Data Protection

At Dungeness Bird Observatory we take security of your data very seriously. The data we hold is kept securely on a password protected device and we never pass on any information to a third party. For more information please read our Data Policy available here.

Corona Virus Update

We are very pleased to be planning on opening the Observatory to visitors with numbers being limited because of shared facilities. In order to keep staff and visitors as safe as possible, we will be requesting that you take a Lateral Flow Test (provided) before you first come in. The hides will be open for 'Friends of DBOT' from May 18th. However, The 'Rule of 6' applies and face coverings are still mandatory in the hides. Sanitiser and spray will be provided to clean down the handles and closures in the hide after you have used it.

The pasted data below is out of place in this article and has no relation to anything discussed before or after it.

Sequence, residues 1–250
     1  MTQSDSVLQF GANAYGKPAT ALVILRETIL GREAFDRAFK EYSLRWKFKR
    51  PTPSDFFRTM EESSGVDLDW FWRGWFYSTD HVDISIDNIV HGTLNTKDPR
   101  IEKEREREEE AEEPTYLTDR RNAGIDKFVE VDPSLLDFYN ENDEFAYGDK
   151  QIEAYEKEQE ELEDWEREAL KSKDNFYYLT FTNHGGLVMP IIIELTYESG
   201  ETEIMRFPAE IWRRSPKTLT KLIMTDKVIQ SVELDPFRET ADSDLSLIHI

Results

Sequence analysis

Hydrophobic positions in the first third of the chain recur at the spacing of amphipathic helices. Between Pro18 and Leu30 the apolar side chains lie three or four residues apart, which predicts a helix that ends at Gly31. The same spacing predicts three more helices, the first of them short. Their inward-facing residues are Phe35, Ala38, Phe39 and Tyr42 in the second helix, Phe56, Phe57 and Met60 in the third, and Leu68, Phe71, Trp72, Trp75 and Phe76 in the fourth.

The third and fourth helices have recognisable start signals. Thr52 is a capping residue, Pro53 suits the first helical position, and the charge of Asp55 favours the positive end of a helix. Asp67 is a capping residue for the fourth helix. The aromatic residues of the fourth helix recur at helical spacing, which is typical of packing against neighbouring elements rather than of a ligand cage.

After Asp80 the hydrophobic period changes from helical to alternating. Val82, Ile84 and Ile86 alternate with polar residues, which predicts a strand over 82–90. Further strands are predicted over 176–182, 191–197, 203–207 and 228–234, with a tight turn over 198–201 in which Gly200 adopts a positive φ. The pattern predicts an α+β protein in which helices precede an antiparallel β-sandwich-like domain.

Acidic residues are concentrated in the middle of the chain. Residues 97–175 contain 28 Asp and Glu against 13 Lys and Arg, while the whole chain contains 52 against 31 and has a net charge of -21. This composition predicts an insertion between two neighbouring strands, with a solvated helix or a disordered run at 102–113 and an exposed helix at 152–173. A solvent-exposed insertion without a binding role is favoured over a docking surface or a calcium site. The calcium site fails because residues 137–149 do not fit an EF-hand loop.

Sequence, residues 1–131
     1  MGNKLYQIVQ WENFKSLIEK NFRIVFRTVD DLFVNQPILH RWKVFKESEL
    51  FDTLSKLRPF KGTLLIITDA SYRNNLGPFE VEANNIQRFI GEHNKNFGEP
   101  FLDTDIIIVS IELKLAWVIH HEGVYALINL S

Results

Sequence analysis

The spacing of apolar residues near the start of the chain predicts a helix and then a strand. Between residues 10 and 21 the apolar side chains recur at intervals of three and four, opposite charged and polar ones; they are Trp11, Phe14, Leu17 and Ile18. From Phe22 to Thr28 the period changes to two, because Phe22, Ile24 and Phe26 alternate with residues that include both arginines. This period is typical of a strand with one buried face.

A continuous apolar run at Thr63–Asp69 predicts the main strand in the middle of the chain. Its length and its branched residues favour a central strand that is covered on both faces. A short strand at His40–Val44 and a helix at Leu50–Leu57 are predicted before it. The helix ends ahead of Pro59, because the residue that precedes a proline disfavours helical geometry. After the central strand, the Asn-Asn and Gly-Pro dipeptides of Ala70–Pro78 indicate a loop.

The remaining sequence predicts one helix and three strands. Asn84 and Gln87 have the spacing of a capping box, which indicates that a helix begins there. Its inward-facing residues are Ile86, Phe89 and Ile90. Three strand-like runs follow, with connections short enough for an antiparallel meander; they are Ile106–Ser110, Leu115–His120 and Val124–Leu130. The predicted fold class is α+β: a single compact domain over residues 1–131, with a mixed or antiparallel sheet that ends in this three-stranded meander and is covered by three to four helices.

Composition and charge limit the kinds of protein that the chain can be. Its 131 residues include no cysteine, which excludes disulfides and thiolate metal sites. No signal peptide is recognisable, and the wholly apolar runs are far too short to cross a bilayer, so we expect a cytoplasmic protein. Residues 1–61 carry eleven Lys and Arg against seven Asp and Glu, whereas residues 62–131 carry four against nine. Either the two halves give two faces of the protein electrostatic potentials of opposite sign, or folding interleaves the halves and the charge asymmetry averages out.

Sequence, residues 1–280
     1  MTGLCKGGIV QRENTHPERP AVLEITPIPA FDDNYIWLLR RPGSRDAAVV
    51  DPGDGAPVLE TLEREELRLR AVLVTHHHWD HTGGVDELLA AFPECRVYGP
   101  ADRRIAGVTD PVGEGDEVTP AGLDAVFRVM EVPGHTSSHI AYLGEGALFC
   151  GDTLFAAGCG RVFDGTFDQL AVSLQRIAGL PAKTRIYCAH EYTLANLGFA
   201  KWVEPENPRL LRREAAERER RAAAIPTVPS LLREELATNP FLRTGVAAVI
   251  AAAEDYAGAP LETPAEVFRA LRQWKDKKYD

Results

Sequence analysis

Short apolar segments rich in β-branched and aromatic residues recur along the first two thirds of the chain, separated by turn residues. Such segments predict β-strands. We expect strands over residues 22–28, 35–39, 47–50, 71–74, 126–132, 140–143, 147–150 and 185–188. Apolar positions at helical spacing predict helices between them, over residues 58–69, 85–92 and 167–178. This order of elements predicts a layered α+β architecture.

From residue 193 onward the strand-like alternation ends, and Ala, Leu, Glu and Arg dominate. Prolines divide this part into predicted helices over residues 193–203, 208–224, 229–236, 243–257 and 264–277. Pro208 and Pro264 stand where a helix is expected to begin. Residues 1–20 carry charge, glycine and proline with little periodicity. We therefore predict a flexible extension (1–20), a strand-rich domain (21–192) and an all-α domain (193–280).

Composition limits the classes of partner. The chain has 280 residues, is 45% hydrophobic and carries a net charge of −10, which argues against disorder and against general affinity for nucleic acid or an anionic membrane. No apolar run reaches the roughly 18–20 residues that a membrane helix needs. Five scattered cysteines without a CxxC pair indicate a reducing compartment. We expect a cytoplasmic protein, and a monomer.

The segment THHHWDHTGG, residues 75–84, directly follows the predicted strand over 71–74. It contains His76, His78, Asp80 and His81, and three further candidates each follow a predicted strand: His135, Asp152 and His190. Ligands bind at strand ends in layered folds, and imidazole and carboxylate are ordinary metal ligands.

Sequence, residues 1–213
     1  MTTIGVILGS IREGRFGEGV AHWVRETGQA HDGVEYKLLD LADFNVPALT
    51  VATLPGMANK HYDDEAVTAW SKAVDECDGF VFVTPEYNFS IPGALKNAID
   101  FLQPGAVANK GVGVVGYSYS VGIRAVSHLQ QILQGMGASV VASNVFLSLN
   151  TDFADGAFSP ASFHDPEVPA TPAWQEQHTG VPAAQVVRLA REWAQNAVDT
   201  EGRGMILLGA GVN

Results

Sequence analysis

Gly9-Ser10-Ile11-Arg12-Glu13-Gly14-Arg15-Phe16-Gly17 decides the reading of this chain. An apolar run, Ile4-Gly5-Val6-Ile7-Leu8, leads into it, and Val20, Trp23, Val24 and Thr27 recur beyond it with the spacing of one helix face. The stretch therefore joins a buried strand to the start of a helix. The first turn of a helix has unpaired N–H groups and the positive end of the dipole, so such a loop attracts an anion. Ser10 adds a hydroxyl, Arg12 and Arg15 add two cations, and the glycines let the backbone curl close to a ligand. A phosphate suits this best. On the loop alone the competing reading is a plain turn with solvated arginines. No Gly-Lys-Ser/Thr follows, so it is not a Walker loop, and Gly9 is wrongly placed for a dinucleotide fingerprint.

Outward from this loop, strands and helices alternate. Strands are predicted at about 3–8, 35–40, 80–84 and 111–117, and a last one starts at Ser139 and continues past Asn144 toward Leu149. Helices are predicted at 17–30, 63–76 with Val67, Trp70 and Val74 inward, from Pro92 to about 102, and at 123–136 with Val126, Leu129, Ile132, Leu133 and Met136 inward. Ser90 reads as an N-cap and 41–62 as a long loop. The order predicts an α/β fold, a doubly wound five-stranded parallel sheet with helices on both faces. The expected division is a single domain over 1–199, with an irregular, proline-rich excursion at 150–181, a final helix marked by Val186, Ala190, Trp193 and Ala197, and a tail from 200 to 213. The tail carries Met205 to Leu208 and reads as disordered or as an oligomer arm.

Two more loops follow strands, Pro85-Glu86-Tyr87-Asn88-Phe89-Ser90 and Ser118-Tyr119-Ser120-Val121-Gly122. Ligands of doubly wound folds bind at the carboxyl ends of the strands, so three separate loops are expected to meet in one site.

Please forward any Dungeness recording area records to the Warden.
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Thank You for your understanding in these difficult times.
The Trustees.

23rd Oct

A day of mainly visible migration with notable birds including a flock of six Woodlarks, 38 Skylarks, 56 Swallows, seven House Martins, a Bearded Tit, three Tree Sparrows, 142 Meadow Pipits, four Rock Pipits, seven Bramblings, 119 Redpolls with four out of the five birds caught being Commons, 17 Crossbills, 750 Goldfinches and 31 Siskins. In addition the Robin shown below was trapped and found to be bearing a German ring.


Seawatching was fairly slow going but did include a Red-breasted Merganser, 386 Gannets, three Knot, 18 Kittiwakes, an excellent t otal of112 Mediterranean Gulls, 307 Sandwich Terns, two Great Skuas, five Arctic Skuas and 603 auks in four hours of watching.

Three Porpoises and two Grey Seals were feeding offshore.